While mixing, make sure that both chocolate and the glucose and mildly warm.
Trouble Shooting White Modelling Chocolate:
1. Sometimes when you overmix the chocolate, the oils in the chocolate separates and start oozing out. In so many blogs they suggest you to filter out the oil and use the mixture. But the oils are necessary. So just transfer the whole mixture with the oils onto a cling film and wrap it in two or three layers. Place it in a box and set aside for 24 hours. By the end of 24 hours, the oils would have come to solid state and it is easier to knead it back into the chocolate. So don’t worry if you see so much oil in your mixture. You can always rectify your mistake.
2. If you haven’t mixed the glucose and chocolate properly, the next day, you will see opaque stripes in between your clay. To rectify this, heat the clay in mw on medium for 10 seconds. Now it would be more pliable. Knead it so that the corn syrup is incorporated into the chocolate. Again if you see oil, stop mixing, transfer to cling film and set aisde for 24 hours. Then knead it again and use.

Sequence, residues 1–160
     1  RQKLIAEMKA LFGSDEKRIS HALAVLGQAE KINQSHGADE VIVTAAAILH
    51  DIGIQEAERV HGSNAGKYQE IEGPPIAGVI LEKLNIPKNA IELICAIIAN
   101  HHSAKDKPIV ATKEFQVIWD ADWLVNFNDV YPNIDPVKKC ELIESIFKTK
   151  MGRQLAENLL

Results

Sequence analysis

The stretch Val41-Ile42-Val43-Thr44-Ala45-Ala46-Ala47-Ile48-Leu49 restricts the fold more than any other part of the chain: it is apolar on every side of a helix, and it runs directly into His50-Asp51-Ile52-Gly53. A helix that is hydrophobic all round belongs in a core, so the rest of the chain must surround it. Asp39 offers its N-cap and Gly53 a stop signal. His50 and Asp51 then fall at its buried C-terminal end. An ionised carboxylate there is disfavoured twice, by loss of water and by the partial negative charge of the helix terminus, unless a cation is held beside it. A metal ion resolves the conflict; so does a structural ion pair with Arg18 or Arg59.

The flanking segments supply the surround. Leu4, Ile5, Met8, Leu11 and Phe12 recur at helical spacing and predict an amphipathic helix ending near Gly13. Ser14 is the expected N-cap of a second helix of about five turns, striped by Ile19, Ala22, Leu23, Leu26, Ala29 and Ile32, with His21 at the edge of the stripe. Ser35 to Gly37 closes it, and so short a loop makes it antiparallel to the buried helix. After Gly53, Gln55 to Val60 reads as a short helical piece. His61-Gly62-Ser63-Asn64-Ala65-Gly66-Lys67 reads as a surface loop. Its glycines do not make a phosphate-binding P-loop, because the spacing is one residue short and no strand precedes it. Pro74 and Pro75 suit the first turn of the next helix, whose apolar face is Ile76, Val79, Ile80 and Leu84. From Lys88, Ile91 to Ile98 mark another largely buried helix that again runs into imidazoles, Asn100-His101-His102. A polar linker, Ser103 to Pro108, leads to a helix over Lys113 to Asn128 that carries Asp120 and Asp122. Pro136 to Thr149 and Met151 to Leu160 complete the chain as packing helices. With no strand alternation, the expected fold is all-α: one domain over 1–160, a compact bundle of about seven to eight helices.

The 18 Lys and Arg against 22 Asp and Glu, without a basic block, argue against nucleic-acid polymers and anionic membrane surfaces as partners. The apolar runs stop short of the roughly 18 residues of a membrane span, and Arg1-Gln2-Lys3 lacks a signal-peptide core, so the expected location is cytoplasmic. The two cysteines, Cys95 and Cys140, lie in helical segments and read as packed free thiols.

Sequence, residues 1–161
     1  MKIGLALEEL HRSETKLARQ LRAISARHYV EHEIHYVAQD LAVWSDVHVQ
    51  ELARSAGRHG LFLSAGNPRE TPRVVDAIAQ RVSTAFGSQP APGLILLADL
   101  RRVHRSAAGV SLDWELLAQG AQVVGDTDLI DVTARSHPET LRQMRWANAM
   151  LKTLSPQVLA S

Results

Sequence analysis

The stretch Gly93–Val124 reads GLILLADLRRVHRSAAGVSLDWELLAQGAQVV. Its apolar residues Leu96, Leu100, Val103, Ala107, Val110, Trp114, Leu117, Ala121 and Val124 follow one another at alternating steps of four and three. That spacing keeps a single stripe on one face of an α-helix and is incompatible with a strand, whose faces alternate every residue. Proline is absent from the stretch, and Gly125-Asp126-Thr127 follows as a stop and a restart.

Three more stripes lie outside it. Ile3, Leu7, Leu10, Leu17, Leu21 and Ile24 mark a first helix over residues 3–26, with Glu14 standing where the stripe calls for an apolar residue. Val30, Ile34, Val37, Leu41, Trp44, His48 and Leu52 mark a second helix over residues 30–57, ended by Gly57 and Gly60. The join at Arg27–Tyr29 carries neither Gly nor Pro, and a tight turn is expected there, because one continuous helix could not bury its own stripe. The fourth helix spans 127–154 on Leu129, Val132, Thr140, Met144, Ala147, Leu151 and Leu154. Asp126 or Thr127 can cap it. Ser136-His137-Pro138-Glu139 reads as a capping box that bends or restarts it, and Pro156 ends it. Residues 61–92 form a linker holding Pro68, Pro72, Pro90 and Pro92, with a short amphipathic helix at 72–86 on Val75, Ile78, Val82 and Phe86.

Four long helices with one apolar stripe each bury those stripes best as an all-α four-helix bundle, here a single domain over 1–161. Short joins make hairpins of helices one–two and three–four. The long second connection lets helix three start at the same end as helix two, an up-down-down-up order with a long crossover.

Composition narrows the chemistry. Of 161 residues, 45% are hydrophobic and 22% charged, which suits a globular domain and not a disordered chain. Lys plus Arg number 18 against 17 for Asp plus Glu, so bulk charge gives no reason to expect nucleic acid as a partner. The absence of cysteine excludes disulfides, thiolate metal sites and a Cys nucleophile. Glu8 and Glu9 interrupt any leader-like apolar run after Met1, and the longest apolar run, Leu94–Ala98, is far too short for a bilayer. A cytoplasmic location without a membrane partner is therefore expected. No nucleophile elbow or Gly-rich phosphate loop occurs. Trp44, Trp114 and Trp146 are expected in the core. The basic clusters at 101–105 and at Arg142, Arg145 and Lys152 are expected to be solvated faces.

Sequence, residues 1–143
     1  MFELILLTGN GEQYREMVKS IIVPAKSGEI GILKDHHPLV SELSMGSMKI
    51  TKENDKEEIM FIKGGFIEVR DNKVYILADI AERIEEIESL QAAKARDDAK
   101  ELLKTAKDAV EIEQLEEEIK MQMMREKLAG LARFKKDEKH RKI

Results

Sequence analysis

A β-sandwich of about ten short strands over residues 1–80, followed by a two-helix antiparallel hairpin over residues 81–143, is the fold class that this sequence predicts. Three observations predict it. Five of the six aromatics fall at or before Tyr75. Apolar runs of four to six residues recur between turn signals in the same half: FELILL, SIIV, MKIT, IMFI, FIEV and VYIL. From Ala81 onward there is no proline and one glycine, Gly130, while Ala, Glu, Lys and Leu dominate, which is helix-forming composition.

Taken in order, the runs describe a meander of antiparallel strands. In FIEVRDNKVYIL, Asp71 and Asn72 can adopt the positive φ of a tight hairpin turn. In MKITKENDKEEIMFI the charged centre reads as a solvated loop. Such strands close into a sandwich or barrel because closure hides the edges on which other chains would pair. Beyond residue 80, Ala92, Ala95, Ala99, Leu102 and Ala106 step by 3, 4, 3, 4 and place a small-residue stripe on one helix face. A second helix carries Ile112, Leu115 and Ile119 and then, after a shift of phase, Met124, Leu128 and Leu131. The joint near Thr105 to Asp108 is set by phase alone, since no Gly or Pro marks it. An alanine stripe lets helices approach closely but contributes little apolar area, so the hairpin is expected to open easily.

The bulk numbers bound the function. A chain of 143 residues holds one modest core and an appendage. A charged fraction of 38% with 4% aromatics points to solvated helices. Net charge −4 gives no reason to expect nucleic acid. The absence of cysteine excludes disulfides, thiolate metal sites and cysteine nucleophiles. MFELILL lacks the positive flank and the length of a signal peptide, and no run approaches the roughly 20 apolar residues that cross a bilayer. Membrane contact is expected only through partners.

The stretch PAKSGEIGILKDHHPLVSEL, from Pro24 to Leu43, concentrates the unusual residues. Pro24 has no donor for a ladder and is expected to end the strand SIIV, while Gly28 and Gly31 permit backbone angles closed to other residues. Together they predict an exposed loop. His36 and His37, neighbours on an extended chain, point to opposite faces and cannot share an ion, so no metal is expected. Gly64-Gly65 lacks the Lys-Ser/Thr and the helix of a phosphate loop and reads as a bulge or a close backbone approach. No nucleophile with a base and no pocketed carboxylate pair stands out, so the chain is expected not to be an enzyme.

3. If your candy clay is hard and brittle, add 3-4 tbs of corn syrup to the clay, heat it on MW for 10 – 15 seconds on medium and mix them together with a wooden spoon. It is quite messy. But they will mix. Cover in cling film and set aside for 24 hours. Knead until the clay is pliable and then use.
I have been posting a video every Monday, and so next Monday I will try to post a video on how to cover a cake with this modelling chocolate and use it for decorations. For now enjoy this video. Give it a like, comment and subscribe to my channel to receive updates.
And please do like my FB page https://www.facebook.com/GayathriKumarsCookSpot
And Follow on G+ https://plus.google.com/+GayathriKumar/posts
Pinterest – http://www.pinterest.com/gayathriraani/
Instagram – https://www.instagram.com/gayathriraani/
For more interesting video recipes visit https://www.youtube.com/user/gayathriraani